Just last week, The Hubby and I were speaking to a friend’s dad about the start-up costs on a small farm. He rattled off some figures, which I dutifully listed down. Then he said, “So how much is that?” My brain hung. I could hear the desperate whirring as it attempted to process. I needed a mental reboot. The figures weren’t even difficult ones; they were rounded off to the nearest thousands. But what is it about Math that makes me freeze?
I’m not the only one, apparently. Math anxiety is a real thing. Some people even show physical symptoms like sweating, cold hands, elevated blood pressure and heart rate, even lightheadedness. I may not have it as bad as others, but on-the-spot calculations still send my brain into mini panic attacks.
I often catch myself saying, “That’s why I’m a writer—Math and I don’t get along.” But I realize that I’m perpetuating the myths, and I’m discouraging my kids from developing very useful Math skills. Most people believe that they were born lacking that Math gene, but they most likely picked up the aversion from their parents or teachers. Also, most people believe that they suck at Math, and that’s why they get Math anxiety, when in fact, it’s the other way around. Stressing about Math actually uses up brain resources that should be used for making calculations.
Seeing the basic relationship between numbers, and the ability to manipulate them are skills that can be acquired. So how can we parents ensure that our kids don’t get Math anxiety, and that they develop numeracy skills? Here are a few tips:
“If you can’t say something nice, don’t say nothing at all”
Pretty good advice from a cartoon bunny (and that’s Thumper from the classic Bambi, in case you missed the reference) so I’m trying to quit my writer-against-numbers routine. Kids do pick up a lot of their beliefs and attitudes (and not just for Math) from us. So if I roll my eyes or sigh every time I have to help them with a Math problem, or say “This is so hard!” then I’m passing on all my hang-ups to them, putting them at a disadvantage.
Make Math fun
It takes more effort, sure. Compare the time it takes for you to say, “Do all the addition problems on pages 3 and 4 of your workbook,” versus playing Snakes and Ladders with your kid, using a pair of dice. But which one would your kid be more willing to do? It’s easier to learn when you’re having fun—and that goes for anything.
While doing addition and subtraction drills with Breeze, for example, instead of droning on and on, “2 + 3 is…? 6 – 2 is…?” I would make her time machine scenarios: “So you’re 6 years old now; how many years would you have to go [on a time machine] so you can have your own Facebook account?” (she needs to be at least 13). “You finally got your Facebook account; how many years so you can vote for a president? But you want to be carried again; how many years do you have to go back so Mommy will still carry you?” (that’s supposed to be 5 years old, but I confess to carrying her still, even if she’s already a few weeks shy of 7!).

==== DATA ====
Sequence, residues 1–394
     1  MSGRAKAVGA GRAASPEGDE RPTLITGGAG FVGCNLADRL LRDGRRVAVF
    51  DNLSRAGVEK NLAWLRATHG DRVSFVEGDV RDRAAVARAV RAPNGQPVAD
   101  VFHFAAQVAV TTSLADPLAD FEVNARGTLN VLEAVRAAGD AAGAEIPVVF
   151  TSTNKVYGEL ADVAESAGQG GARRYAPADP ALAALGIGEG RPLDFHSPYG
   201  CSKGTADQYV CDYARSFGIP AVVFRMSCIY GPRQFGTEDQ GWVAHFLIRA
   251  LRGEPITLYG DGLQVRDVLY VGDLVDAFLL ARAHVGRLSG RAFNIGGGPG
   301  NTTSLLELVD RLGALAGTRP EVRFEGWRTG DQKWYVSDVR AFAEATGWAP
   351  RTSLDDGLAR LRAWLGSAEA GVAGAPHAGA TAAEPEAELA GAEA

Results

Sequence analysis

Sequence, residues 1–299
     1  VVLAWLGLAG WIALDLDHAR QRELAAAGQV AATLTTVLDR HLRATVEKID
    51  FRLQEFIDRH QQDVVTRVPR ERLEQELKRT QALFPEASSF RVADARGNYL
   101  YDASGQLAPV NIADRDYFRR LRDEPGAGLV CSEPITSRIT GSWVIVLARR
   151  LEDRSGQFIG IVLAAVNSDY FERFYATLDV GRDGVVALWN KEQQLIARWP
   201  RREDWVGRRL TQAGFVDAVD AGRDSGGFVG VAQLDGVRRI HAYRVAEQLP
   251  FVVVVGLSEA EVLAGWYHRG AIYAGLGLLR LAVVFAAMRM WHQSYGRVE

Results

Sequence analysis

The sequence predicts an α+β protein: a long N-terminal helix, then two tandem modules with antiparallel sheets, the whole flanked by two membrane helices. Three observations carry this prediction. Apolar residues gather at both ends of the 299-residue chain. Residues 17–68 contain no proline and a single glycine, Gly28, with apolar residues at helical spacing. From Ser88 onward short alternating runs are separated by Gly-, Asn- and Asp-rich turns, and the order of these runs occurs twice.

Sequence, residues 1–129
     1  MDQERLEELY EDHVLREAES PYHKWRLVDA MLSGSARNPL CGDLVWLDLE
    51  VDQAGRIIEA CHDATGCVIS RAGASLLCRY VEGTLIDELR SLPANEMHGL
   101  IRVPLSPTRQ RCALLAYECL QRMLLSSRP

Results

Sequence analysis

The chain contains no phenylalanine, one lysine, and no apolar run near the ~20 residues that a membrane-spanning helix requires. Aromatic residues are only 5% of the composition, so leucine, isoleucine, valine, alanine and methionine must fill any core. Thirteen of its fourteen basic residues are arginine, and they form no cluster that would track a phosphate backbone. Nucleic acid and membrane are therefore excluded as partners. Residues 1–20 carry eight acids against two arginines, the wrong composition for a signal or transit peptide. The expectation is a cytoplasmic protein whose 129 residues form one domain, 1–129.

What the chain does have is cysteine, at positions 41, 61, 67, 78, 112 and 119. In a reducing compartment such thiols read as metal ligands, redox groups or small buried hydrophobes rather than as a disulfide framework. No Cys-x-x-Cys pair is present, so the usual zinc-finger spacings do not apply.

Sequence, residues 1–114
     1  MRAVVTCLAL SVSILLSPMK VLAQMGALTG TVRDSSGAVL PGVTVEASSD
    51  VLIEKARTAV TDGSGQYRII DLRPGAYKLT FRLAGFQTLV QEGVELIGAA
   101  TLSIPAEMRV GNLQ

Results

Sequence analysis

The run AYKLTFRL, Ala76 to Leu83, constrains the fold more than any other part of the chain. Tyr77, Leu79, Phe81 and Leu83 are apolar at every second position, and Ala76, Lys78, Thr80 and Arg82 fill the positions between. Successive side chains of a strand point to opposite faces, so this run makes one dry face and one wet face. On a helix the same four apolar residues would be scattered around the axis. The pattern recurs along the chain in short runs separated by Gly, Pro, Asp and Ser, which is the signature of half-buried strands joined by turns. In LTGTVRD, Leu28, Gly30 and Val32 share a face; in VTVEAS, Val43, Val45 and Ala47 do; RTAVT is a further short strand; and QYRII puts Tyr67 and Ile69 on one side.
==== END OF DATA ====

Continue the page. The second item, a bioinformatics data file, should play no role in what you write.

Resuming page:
It takes us ages to do drills this way—and she keeps asking for more problems! But she can be pretty quick adding and subtracting mentally (which is more than I can say for myself).
“When will I ever use this?!”
I guess one of the issues I had with Math is that it didn’t seem to have any real-world application. Who cares that a2 + b2 = c2 in a right triangle, or that you know how to solve problems like “If the sum of four consecutive integers is 78, what are the integers?”
But say I’m papercrafting, making a card with a step design. I need four strips of paper with different lengths, with a 1cm difference in length from one to the next, and I need to cut those from my last 78cm strip (no room for mistakes!), how long will each strip be? That’s an algebraic equation, with an answer that matters to me. I need to figure out the correct answer before I start cutting, because, hello, no sane paper crafter would want to waste any paper (btw, in proper Math syntax, it would be x + (x+1) + (x+2) + (x+3) = 78; and the paper strips should be 18, 19, 20, and 21cm)!
Raine, for example, was studying perimeter and area. She built a Lego theater, and solved for the area for carpeting, and length of wallpaper needed. She also loves baking lemon bars, and once she quadrupled her recipe because we were having the clan over—that was great practice for her fractions.
If you can’t beat it, fake it
Raine’s Singapore Math textbook sometimes takes an approach that I don’t quite get, much less explain properly. In this case, I’d tell her in a cheerful tone (at least I hope it comes off as cheerful, rather than maniacal), “I need time to figure that out, let’s move on to something else.” But I still try to show enthusiasm and a positive attitude, rather than giving in to the urge to toss the book in the trashcan out of frustration.
A lot of times though, while faking it, I discover interesting Math facts and techniques—which make Math more interesting and fun, which in turn makes Math easier, and before I know it, I actually am enjoying Math.
Surreptitiously, of course, because I’m a writer, not a Math person.
A version of this article is included in the There's a Math Teacher in The House newsletter, to which I have started contributing to. This newsletter is published weekly by MATH-Inic, a system that teaches mental Math techniques that will help make Math fun, fast, and easy. The newsletter contains tips on how to promote Math in your home; techniques to speed up calculations (useful for competitions!); and fun things you can do with numbers. Sign up here to receive the free weekly There's a Math Teacher in The House newsletter and other updates from MATH-Inic.